All Canadian provinces welcome foreign investment, but some have implemented measures to protect sensitive sectors. For example, some impose special taxes on the acquisition of agricultural land, while others have specific legislation covering cultural activities such as book publishing.

Remittance of Funds

Canada does not restrict foreign investors from repatriating investments or profits by foreign investors. Canadian dollars are freely convertible into other currencies. Withholding taxes   are applied to certain payments to non-residents. These include dividends, certain interest, royalties, and fees for services rendered in Canada (including commissions). The general rate of withholding tax is 25%, but this may be reduced or eliminated under various bilateral tax treaties. Generally, only interest paid to related parties or “participating interest” is subject to withholding tax.

Sensitive Sectors

In addition, other federal legislation sets specific limits on foreign ownership in broadcasting, fishing, telecommunications, and transportation.

Broadcasting

A broadcasting licence will not be issued unless:
  • The corporation is incorporated or continued in Canada
  • The chief executive officer and not fewer than 80% of the directors of the corporation are Canadians
  • Canadians own and control at least 80% of the voting shares of the corporation and 80% of its votes
Where the corporation is a subsidiary corporation, the parent corporation must be incorporated or continued in Canada and Canadians must own or control at least 66.66% of its voting shares and 66.66% of its votes. Where Canadians own fewer than 80% of the voting shares of the parent corporation or hold fewer than 80% of the votes, the chief executive officer is a non-Canadian, or fewer than 80% of the directors of the parent corporation are Canadian, neither the parent corporation nor its directors may exercise control or influence over any programming decisions of the subsidiary corporation. In addition, the licensee must not otherwise be controlled by a non-Canadian.

Telecommunications

Subject to the exceptions discussed below, foreign ownership of a Canadian telecommunications common carrier is limited to 20% of the voting shares, and Canadians must make up at least 80% of the directors. Non-Canadians may also own 33.33% of the voting shares of the carrier’s parent corporation. In either case, non-Canadians may not exercise “control in fact” of the carrier. There are no Canadian foreign ownership restrictions on a person who (a) has annual revenues from telecommunications services that represent less than 10% of total annual revenues from the provision of telecommunications services in Canada or (b) does not own or operate transmission facilities but merely leases facilities in bulk from a carrier and resells the same (i.e., is a “reseller”). A carrier that is eligible under (a) to operate in Canada remains eligible to operate if its annual revenues exceed 10% of total annual revenues from the provision of telecommunications services in Canada provided the growth in revenues did not result from the acquisition of control of another Canadian carrier or of assets used by another Canadian carrier to provide telecommunications services. Satellite and international submarine cable facilities are also exempt from these foreign ownership restrictions.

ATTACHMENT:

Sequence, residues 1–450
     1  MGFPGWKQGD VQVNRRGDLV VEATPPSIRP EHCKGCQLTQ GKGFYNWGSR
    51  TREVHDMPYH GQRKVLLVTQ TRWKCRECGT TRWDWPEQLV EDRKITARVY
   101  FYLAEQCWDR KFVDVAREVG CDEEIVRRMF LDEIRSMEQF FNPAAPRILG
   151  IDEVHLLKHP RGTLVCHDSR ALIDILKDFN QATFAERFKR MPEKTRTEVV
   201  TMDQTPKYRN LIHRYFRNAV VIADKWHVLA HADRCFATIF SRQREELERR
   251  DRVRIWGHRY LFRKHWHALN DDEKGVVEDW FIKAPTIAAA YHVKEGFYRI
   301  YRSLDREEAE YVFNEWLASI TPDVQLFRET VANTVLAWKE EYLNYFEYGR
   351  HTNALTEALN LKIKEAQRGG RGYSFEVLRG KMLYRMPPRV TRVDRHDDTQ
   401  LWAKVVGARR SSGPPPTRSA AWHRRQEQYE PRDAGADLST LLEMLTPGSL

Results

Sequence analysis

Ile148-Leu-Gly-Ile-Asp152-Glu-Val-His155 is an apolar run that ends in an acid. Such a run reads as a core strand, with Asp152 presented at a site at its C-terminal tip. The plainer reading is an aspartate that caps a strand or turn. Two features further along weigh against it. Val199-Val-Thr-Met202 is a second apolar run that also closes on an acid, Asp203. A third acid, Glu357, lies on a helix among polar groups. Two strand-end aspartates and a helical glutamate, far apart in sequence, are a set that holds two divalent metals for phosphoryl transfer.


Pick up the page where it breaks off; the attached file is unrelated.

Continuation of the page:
Transportation

Foreign ownership is generally limited to 49% of voting rights in domestic air transportation. However, a single foreign corporation or entity can only own up to 25% of the voting rights of a “Canadian” airline and any number of foreign airlines may together only own a total of 25% of the voting rights of a “Canadian” airline. Maritime cabotage is generally restricted to duty-paid Canadian flag vessels. There is no foreign ownership restriction on companies incorporated in Canada that own such vessels, and companies incorporated outside Canada may own such vessels if a qualified company or individual is acting with respect to all matters relating to the vessel.

In addition, if a proposed transaction requires pre-merger notification under the Competition Act and “involves” a federal “transportation undertaking,” a filing under the Canada Transportation Act (CTA) may be required. In that instance, the Minister of Transport (MOT) must assess whether or not the proposed transaction raises issues with respect to the public interest as it relates to national transportation. If the MOT is of the opinion that a proposed transaction does not raise such public interest issues, then further review under the CTA is not required. The MOT must inform the parties of this decision within 42 days of the filing.

On the other hand, where the MOT is of the opinion that a proposed transaction does raise public interest issues, he or she may direct the CTA or appoint and direct another person to examine those issues and report to him or her within 150 days (or such longer period as the MOT may allow). In addition, the Commissioner of Competition must, within 150 days of the pre-merger notification under the Competition Act (or such longer period as the MOT may allow), report to the MOT and the parties on any concerns regarding a potential prevention or lessening of competition that may result from the transaction. The CTA provides for a bifurcated process for the consideration of public interest issues and competition issues and the settlement of undertakings, where appropriate. Ultimately, it is the Governor in Council, on the recommendation of the MOT, who determines whether or not the proposed transaction is in the public’s interest and may proceed.